Honestly, I get it. I understand that new technologies come along, and people unacquainted with them will eschew them. I’ve been mixed up in high tech for almost my entire life, and I understand this. Plus, I’ve never seen myself as a luddite. It may take me a while to fully grasp the consequence of something new, but I don’t have a knee-jerk reaction to reject everything that comes along with is novel.
But here’s the thing – – – when I saw new things come out in my lifetime – – be it graphical user interfaces, or the LaserWriter, or LANs, or WiFi, or the commercial Internet, or electric cars, or the iPhone, or anything else – – no one could plausibly make the argument that one of those given things was useless and idiotic. Any reasonable person could be convinced that, yes, this new “thing” might just turn out to be important, even if it wasn’t immediately obvious as to why.
Try as I might, this still hasn’t clicked for me with crypto, which is pretty odd, since this is literally a multi-trillion dollar market now with hundreds of well-funded companies in that ecosystem. But my refusal to embrace the idea that crypto is going to change the entire universe is dwarfed by my eye-rolling about the latest extension of crypto, which is NFT. I just stumbled upon a site whose sole purpose in life is to sell digital artwork by way of NFT, and it’s quite a sight.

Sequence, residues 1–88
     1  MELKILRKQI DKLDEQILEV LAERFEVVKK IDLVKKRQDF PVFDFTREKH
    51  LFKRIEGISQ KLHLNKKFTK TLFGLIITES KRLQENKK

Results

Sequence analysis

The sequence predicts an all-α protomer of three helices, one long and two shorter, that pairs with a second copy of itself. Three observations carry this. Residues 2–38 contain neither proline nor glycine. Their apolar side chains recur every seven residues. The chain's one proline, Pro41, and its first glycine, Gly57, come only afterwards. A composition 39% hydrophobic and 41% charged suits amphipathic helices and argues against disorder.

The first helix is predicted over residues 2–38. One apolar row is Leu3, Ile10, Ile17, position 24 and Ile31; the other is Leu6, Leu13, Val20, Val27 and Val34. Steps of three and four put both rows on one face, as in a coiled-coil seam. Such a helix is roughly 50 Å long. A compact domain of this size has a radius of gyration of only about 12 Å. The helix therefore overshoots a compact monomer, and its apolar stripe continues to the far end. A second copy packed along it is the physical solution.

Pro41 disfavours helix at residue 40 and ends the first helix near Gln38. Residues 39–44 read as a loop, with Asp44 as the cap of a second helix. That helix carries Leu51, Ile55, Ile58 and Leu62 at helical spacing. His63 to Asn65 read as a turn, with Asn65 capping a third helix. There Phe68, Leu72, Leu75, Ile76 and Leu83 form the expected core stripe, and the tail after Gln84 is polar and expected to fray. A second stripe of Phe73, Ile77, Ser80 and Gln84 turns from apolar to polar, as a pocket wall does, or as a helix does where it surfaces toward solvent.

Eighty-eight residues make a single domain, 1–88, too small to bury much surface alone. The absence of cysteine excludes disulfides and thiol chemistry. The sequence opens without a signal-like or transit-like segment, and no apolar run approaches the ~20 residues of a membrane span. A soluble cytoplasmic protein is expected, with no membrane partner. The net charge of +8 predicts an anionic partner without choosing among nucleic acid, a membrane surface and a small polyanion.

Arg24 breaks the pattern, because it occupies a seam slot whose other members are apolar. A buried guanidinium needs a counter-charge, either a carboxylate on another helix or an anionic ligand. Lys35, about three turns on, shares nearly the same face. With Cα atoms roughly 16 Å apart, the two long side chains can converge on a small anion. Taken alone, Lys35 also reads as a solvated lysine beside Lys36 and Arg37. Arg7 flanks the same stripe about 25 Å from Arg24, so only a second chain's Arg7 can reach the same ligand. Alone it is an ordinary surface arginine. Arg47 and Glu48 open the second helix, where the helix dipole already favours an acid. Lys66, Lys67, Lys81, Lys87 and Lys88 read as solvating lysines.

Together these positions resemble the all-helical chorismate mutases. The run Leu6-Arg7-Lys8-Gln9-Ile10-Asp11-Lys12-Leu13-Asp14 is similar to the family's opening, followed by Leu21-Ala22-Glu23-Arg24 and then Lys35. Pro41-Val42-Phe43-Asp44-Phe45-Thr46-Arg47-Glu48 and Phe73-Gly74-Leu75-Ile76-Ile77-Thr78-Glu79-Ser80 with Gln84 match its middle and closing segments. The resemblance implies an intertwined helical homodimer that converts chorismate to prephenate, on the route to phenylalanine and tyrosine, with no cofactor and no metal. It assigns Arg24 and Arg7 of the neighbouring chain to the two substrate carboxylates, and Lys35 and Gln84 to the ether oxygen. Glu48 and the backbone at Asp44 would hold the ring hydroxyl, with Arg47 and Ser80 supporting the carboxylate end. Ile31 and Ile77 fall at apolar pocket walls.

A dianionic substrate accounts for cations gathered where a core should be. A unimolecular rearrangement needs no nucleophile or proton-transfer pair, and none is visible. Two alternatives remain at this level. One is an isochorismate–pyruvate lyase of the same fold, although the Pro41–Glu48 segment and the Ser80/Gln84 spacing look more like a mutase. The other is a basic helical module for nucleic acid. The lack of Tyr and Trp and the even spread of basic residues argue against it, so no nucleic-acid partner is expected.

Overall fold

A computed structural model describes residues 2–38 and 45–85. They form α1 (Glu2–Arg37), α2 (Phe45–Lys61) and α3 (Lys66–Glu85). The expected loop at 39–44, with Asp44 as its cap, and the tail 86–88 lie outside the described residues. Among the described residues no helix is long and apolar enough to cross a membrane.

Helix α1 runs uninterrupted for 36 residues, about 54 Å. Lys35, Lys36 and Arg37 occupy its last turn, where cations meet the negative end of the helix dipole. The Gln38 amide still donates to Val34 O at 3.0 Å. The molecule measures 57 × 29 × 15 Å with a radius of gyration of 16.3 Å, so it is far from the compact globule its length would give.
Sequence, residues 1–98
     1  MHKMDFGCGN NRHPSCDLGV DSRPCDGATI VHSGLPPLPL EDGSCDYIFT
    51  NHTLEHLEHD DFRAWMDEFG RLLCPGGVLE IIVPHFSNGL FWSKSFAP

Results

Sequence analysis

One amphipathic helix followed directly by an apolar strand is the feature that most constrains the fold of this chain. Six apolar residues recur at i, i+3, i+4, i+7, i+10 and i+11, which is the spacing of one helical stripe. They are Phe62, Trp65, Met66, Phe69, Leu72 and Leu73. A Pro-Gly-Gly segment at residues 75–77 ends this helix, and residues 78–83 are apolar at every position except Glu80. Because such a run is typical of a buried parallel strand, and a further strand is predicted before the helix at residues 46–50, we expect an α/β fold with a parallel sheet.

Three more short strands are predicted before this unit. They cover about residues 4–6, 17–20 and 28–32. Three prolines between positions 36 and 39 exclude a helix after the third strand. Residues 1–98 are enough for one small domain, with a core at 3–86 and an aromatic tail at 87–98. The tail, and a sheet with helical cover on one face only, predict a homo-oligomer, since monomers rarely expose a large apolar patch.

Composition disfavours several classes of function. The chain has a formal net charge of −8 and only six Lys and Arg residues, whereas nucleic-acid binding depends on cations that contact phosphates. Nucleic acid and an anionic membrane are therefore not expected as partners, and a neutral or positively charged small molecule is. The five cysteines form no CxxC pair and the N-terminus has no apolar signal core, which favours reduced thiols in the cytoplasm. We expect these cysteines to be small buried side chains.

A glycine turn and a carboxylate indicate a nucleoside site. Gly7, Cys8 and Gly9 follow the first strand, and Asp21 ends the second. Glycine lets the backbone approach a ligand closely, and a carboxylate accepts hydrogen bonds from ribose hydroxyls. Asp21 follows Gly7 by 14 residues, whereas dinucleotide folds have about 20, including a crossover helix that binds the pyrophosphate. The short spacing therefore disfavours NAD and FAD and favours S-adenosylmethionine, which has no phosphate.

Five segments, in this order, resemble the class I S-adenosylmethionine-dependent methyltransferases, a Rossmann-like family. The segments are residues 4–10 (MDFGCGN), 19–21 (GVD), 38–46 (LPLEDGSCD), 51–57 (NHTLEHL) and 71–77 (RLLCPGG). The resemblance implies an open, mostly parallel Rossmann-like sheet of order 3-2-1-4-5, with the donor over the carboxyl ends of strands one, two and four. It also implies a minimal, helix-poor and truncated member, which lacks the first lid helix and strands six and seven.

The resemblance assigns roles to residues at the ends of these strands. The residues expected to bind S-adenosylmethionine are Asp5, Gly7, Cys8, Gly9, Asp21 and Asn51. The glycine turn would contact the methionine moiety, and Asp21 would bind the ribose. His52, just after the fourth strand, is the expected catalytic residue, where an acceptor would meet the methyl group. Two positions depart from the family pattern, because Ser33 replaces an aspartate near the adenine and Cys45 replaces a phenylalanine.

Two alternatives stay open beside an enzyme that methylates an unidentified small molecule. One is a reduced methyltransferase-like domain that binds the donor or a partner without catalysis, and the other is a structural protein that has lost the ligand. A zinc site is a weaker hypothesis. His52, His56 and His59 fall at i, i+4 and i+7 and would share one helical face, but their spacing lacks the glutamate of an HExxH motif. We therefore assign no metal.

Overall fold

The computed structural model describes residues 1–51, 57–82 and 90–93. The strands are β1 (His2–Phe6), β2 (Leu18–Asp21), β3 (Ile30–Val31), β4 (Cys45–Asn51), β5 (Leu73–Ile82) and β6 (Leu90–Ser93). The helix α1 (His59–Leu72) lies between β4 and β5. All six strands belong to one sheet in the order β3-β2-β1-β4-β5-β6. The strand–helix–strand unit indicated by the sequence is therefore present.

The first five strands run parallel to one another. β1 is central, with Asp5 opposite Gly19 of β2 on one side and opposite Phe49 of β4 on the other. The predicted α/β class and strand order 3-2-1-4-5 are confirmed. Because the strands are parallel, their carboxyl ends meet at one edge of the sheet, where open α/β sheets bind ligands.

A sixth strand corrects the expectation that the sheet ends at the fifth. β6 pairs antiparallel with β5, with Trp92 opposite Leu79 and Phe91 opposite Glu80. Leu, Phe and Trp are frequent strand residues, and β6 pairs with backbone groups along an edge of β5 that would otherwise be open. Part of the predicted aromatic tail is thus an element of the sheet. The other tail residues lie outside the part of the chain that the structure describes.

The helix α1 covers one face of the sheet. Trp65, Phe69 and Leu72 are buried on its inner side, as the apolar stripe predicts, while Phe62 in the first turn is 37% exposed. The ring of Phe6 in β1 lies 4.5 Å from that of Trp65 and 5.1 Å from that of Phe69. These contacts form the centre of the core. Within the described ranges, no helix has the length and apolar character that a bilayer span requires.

Here’s one auction of note – – you will kindly note that the winning bid was well over a million dollars.
Now, since I’m very grateful for your presence here, I am going to present to you the exact, bit-for-bit, pixel-for-pixel, digital artwork that someone else paid $1,111,211 to own. I’m not even requiring a Platinum membership for you to see it! OK, ready? Here you go (and please feel free to press Play to really experience it fully):
Awesome, right? The recipient of those funds, incidentally, was none other than Paris Hilton. Because God knows that’s where some cash is needed these days.
Of course, not all the artwork is scoring seven-figure bids……..
But I must say, I’m flabbergasted that some artists are actually doing incredibly well, to the tune of millions of dollars in sales. I can only assume that, setting aside the cut that the marketplace gets, this is almost pure profit. Surely this is one of those “long tail” situations in which a handful of artists make almost all the money, but still, these sure beats the hell out of showing up at your local summer Art & Wine Festival and trying to sell your work for a couple hundred bucks.
Oh, and as for the marketplace – which has the clumsy name of NiftyGateway – – they make the following promise (or threat, if you prefer) very clear on their site. Good luck with that.